The Tokyo stock market has recovered strongly since last year, although there has been an extremely ...
The Tokyo stock market has recovered strongly since last year, although there has been an extremely wide dispersion of returns among different industries.
As in other markets, until very recently technology, media and telecommunication (TMT) stocks have led the market, while a number of other sectors have languished. Indeed many stocks are trading at new lows.
In the year to 31 March 2000 the TOPIX index has risen by 35% in yen terms; telecommunications rose 153% and services gained 107%; cyclical sectors fell including construction (-31%), air transport (-27%) and textiles (-15%).
Many companies outside TMT are on low valuations, but so far this has passed unnoticed by investors who have continued to favour companies with high returns on equity or growth potential. What is necessary for the value in a large portion of the Japanese market to be realised?
The key to unlocking this value lies in restructuring, either by existing company management or potential predators. Businesses need to improve returns so that investors will put a higher valuation on the company. In the absence of such catalysts, it is unlikely many investors will have sufficient patience to invest in the pure 'value' stocks.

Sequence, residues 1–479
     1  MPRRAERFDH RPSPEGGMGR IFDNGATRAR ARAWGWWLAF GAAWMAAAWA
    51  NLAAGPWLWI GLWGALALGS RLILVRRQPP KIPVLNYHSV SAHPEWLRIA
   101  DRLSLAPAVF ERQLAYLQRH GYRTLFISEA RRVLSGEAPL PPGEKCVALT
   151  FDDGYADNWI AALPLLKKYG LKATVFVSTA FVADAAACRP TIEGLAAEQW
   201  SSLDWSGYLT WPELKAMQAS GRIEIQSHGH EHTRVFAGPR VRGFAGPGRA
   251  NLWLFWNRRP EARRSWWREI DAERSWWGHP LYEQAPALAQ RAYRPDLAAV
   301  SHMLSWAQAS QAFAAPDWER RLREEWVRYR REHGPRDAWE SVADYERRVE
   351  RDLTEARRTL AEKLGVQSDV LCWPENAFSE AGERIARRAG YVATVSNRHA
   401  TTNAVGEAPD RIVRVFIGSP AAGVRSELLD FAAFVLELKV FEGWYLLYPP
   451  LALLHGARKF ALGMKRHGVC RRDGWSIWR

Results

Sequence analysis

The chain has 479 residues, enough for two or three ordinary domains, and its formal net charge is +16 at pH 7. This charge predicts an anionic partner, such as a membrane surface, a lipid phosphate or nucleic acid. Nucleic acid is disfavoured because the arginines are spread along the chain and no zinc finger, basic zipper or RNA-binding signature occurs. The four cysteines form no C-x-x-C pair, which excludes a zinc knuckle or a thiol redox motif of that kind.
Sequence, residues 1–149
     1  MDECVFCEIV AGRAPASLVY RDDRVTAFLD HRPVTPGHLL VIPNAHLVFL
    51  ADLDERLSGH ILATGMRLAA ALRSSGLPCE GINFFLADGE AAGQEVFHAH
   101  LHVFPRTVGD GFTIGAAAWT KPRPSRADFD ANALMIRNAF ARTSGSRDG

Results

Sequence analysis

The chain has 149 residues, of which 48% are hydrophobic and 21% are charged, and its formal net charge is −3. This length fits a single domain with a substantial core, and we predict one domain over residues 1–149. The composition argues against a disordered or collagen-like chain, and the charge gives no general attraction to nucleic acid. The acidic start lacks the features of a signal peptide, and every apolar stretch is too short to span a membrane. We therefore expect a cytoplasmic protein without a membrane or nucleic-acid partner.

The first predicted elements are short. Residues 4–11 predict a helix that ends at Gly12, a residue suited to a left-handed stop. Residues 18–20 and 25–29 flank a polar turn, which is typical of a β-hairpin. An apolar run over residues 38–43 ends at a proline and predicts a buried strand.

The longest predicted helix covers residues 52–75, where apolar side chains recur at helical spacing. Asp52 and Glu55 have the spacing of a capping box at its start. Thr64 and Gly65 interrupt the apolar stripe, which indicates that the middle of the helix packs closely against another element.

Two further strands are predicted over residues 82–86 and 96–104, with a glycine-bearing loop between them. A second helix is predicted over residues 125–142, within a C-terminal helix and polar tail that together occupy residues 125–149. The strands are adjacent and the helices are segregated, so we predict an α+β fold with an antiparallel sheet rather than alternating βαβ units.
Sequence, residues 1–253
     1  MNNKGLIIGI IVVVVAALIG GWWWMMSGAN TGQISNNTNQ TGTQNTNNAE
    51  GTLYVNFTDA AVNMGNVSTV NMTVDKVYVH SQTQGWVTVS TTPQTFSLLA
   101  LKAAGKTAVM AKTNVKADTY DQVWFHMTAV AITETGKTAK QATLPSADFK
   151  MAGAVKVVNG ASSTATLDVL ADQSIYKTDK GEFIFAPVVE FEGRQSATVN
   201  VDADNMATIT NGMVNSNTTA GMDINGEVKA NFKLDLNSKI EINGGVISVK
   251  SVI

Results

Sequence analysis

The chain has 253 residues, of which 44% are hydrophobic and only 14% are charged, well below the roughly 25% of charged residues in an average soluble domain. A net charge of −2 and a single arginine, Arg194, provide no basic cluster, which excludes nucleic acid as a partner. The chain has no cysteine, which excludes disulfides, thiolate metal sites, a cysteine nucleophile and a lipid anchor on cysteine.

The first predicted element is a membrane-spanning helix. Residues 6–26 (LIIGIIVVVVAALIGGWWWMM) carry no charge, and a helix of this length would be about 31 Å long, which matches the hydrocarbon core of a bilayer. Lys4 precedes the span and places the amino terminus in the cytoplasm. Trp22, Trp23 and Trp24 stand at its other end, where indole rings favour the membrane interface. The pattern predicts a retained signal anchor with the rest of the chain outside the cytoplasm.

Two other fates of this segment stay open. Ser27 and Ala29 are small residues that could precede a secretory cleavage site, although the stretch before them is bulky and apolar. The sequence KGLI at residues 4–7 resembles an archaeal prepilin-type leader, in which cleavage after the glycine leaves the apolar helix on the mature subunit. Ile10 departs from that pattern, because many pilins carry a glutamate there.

The restructuring theme has been present in the market for over two years and has involved Japan's corporations in their most radical reorganisation in history. The pace has slowed recently as economic conditions have improved.
Recently the authorities appear to have weakened their resolve to force through a substantial and much needed reform of the banking sector. Although restructuring is welcome, it is long overdue and the pace remains slow by international standards.
The other factor that could promote interest would be the appearance of hostile take-overs in Japan. Here, the evidence to date is mostly discouraging. Earlier this year Mac Corporation became the first Japanese company in decades to make a domestic hostile takeover attempt when it bid for Shoei, a trader of electronic components and real estate.
Although the offer was at a premium and Shoei had underperformed badly over a prolonged period, it was accepted by less than 7% of Shoei's shareholders. The large cross-shareholders chose to back the management for relationship reasons.
Friendly takeovers or investments, often by foreign companies, that result in improvements in efficiency are more likely. The Renault/Nissan and DaimlerChrysler/Mitsubishi Motors deals fall into this category. Such tie-ups are likely to continue, since many Japanese companies require capital or greater scale to compete globally.
David Heath is an investment director of AXA Investment Managers UK
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